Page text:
Twin Cities JACL’s Open Letter to Minneapolis Mayor, Police Chief

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MINNEAPOLIS — The Executive Board of the Twin Cities JACL (www.TCJACL.org) issued the following open letter to Minneapolis Mayor Jacob Frey and Police Chief Medaria Arradondo on June 1.

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We as an organization are sending our thoughts and prayers to the family and friends of George Floyd, a beloved member of the community, who was callously murdered by members of the Minneapolis Police Department (MPD) on Memorial Day last week.

But thoughts and prayers are not enough. We need action, and we need reform. We join the Black community in calling for an actively anti-racist system that seeks out racism and works to eradicate it.

Japanese Americans have known what it is like to be unfairly persecuted by authories on the basis of their appearance, as was the case during World War II. More recenly, Asian communities around the world have been unfairly targeted by heightened xenophobia related to the COVID-19 pandemic.

And yet, we cannot pretend that Asian Americans are immune from being racist simply because we are people of color. No evidence of this is clearer than the role of former MPD Officer Tou Thao, who willfully failed to intervene while former MPD Officer Derek Chauvin pressed his knee into George Floyd’s neck. It is the duty of all humans to intervene to actively confront racism and prevent it from claiming more innocent lives.

While many law enforcement officers are committed to protecting and serving all those within their communities, we need to step up, speak out against, and stop those who are not. A single “bad cop” is too many, and those who allow them to remain in uniform are also at fault. It is therefore necessary for all four of the MPD officers responsible for George Floyd’s murder to be brought to justice. And we call for concrete steps to be taken to prevent unwarranted, excessive police violence, which too often results in the tragedies of officer-involved killings.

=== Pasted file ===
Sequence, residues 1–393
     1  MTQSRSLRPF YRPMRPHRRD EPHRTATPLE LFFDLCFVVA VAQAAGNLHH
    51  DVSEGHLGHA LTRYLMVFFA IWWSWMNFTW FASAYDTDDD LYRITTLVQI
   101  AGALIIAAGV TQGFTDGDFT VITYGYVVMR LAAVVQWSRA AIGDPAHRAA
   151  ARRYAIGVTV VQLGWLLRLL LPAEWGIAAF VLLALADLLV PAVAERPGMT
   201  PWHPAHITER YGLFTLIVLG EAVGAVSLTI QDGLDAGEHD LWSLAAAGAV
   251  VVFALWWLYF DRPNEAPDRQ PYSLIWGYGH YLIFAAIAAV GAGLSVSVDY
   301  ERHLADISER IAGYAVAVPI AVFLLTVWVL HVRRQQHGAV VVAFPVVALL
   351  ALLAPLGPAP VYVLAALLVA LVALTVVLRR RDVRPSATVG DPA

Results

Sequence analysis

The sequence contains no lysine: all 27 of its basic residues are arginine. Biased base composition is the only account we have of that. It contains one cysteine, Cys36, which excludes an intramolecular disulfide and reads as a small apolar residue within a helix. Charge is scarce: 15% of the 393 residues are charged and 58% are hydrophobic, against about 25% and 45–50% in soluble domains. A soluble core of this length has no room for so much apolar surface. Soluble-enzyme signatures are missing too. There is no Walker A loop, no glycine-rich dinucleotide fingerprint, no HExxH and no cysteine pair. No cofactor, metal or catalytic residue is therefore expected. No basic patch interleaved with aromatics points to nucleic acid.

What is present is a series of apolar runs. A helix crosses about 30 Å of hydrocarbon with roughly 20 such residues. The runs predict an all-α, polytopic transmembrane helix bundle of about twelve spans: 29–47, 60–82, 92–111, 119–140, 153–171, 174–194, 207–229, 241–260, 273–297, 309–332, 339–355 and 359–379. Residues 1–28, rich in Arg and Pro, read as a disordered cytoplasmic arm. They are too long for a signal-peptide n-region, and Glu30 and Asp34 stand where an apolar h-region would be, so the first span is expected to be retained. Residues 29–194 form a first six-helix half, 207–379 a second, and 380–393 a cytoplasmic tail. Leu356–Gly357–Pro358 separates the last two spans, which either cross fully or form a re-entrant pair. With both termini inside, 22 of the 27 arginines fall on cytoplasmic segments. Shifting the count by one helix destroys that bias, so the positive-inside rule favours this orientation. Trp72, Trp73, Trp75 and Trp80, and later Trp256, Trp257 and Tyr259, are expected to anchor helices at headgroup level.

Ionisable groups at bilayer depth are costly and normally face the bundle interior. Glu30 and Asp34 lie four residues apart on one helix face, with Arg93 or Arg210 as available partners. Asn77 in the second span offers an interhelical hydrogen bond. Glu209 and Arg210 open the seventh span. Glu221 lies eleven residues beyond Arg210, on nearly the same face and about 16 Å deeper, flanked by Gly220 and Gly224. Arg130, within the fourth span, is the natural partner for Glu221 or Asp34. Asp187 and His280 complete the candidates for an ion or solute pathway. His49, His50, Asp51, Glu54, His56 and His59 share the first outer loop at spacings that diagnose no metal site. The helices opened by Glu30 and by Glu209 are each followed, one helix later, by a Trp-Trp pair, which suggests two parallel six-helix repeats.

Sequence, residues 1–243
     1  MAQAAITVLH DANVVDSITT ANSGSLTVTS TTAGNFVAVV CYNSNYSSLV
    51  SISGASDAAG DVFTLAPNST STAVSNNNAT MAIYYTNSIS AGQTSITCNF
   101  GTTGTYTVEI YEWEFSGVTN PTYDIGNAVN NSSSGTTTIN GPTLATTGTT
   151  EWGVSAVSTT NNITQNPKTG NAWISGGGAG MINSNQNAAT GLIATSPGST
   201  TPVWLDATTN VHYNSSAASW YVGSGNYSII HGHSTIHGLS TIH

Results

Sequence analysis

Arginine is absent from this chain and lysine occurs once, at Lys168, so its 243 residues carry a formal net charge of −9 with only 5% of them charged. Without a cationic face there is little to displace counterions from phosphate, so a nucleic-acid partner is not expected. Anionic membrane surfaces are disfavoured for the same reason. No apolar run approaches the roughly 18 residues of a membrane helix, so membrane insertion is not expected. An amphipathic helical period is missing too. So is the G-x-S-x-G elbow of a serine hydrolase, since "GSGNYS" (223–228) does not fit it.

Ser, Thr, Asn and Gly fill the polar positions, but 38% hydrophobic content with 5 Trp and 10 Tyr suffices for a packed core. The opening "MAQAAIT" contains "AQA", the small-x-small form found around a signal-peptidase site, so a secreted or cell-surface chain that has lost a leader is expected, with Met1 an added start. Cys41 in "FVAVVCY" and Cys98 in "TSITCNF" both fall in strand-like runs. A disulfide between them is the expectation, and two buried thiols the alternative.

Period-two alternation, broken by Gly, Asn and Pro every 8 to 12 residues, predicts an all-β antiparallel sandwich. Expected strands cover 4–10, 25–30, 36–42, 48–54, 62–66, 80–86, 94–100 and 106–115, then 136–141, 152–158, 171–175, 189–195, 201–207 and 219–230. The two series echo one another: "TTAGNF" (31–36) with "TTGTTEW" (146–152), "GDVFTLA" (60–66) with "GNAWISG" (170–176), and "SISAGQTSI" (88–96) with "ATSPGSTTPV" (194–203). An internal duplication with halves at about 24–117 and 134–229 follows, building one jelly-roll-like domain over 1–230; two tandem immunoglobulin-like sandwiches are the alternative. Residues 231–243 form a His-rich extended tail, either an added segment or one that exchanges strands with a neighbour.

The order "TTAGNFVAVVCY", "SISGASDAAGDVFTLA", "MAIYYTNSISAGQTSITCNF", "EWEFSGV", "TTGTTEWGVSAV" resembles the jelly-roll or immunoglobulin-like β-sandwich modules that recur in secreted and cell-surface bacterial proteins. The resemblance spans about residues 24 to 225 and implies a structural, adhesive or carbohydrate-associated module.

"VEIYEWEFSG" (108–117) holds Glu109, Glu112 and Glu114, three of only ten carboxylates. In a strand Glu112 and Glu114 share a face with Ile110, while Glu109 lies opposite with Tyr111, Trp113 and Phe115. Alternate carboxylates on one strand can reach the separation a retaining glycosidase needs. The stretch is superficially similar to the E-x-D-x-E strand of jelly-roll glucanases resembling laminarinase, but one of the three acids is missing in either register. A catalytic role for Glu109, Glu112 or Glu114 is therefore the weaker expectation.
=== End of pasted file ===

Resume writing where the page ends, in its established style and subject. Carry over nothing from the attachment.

We call for the Minneapolis Police Department to transparently communicate aceptable and unacceptable officer behaviors so that civilians can report them to supervisors when necessary. To facilitate this, we call for the institution of an emergency hotline so that inappropriate or dangerous behavior can be immediately reviewed and stopped before it’s too late.

This immediate accountability and oversight was a crucial missing piece in the murder of George Floyd. Concerned civilian bystanders were helpless to stop actions that they knew to be wrong and life-threatening. The tools we have now in some cases, including body camera and cellphone footage, are valuable only after the fact. By then, it is too late.

Just as it is now too late to save George Floyd’s life, but it is not too late to preven other unnecessary violent acts and murders. Now is the time to be proactive and usher in concrete reforms, reforms that extend beyond Minneapolis to the rest of the country.

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